Murray dumped out by Ramos-Vinolas at Monte Carlo Masters
Murray dumped out by Ramos-Vinolas at Monte Carlo Masters
Murray, who is returning after a spell out with a right elbow injury, looked rusty on the clay-court surface and struggled on his serve in a scrappy match lasting more than 2 ½ hours and featuring 13 service breaks — including seven against Murray, who struggled with the Spaniard’s heavy forehands.
“I’m disappointed to lose from the position that I was in,” said Murray, last year’s French Open runner-up. “Being 4-love up in the third, I haven’t lost many matches like that in my career.”
Ramos-Vinolas faces fifth-seeded Marin Cilic in the quarterfinals. The Croatian reached the last eight after beating No. 9 Tomas Berdych 6-2, 7-6 (0).
Former French Open and Monte Carlo champion Stan Wawrinka followed Murray out of the tournament, losing 6-4, 6-4 to 16th-seeded Pablo Cuevas of Uruguay.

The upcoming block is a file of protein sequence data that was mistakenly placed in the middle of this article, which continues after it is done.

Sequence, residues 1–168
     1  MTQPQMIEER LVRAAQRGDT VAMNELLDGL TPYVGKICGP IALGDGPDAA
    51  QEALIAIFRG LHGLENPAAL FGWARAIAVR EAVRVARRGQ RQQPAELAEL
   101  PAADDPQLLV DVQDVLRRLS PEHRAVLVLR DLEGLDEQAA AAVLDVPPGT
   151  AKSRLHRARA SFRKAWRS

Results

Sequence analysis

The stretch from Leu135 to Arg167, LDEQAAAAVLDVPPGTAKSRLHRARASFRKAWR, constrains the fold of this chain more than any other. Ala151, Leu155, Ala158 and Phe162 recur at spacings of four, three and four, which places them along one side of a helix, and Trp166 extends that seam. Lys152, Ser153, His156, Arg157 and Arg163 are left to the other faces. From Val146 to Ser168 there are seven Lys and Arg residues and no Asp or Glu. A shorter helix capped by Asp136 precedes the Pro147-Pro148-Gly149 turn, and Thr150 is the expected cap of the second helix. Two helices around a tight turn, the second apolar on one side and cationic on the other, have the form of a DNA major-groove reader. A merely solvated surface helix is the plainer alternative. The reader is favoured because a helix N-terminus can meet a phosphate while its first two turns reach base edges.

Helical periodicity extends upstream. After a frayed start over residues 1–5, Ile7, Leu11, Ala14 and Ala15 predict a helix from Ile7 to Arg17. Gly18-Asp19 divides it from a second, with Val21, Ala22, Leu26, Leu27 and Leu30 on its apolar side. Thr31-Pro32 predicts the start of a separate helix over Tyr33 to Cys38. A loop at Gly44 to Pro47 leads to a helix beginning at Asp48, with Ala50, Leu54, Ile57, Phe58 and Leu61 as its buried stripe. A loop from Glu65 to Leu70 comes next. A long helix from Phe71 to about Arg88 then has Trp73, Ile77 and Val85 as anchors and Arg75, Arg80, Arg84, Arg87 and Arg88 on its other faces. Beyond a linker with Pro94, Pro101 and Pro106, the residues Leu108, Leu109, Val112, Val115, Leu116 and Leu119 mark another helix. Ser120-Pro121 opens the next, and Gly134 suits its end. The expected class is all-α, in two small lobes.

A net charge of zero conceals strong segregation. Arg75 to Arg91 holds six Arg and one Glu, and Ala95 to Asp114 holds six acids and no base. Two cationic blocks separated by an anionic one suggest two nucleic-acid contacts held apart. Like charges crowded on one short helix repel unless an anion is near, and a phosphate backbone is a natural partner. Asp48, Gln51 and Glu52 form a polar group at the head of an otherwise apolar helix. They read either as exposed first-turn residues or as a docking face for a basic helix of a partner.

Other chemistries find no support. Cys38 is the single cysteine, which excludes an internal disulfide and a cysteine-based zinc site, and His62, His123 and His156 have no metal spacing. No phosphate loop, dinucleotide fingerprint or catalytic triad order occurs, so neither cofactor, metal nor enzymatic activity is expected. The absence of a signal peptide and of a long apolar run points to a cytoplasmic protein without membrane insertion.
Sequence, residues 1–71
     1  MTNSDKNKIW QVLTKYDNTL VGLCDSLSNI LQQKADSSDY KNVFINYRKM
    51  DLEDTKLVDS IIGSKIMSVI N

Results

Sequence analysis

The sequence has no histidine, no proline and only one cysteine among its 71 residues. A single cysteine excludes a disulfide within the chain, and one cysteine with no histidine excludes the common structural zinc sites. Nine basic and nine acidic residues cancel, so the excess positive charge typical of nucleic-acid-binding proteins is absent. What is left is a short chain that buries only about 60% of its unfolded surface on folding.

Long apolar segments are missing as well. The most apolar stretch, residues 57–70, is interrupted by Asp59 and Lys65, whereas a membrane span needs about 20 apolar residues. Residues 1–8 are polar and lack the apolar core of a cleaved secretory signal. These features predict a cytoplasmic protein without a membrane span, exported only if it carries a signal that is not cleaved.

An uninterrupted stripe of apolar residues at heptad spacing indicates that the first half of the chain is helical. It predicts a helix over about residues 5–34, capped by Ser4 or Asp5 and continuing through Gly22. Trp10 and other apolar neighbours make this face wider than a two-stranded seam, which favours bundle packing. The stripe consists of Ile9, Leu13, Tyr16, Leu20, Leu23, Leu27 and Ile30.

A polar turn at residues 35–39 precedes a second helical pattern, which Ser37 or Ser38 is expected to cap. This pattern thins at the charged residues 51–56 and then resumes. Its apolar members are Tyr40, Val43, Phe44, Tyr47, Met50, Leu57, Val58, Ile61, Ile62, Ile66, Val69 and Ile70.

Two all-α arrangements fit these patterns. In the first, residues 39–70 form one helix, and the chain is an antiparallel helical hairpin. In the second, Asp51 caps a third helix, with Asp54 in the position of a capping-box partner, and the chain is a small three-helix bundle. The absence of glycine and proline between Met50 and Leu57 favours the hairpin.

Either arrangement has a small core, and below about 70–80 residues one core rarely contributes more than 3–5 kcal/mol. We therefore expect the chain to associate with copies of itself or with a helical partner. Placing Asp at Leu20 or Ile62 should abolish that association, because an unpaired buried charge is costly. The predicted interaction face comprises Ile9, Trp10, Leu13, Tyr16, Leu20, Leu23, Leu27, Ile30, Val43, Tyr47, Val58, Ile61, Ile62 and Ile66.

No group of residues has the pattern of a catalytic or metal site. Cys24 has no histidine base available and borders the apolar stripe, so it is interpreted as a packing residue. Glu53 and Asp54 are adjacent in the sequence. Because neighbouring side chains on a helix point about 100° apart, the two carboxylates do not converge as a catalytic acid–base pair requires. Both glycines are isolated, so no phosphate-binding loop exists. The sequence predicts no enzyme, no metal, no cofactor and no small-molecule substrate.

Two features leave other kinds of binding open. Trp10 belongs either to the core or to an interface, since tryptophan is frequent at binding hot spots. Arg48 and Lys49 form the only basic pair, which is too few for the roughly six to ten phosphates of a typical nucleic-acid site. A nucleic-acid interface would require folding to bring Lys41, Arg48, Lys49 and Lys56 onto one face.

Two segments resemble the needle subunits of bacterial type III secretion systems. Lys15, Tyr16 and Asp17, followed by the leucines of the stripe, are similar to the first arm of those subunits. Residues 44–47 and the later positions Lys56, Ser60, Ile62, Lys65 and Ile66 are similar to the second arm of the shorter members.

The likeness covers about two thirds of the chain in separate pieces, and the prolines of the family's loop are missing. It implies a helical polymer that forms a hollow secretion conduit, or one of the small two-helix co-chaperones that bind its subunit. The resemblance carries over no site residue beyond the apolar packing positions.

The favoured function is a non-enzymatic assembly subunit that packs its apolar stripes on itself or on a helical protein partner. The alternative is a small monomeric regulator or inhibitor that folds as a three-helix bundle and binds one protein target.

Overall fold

Wawrinka never found his touch or range and conceded match point when his backhand pass — normally one of the best shots in men’s tennis — clipped the net and went out. Cuevas hit a sweet forehand winner down the line on the next point and raised his arms in the air after beating Wawrinka in their first-ever meeting.
Murray was also facing an opponent for the first time, and a double break put him 4-0 up in the decider but 24th-ranked Ramos-Vinolas broke back twice to level the match at 4-4.
“He obviously started playing better toward the end of the set. I still had a bunch of chances, I guess both of us did really,” Murray said. “I should have been able to do enough to sort of weather that storm a little bit and finish the match off.”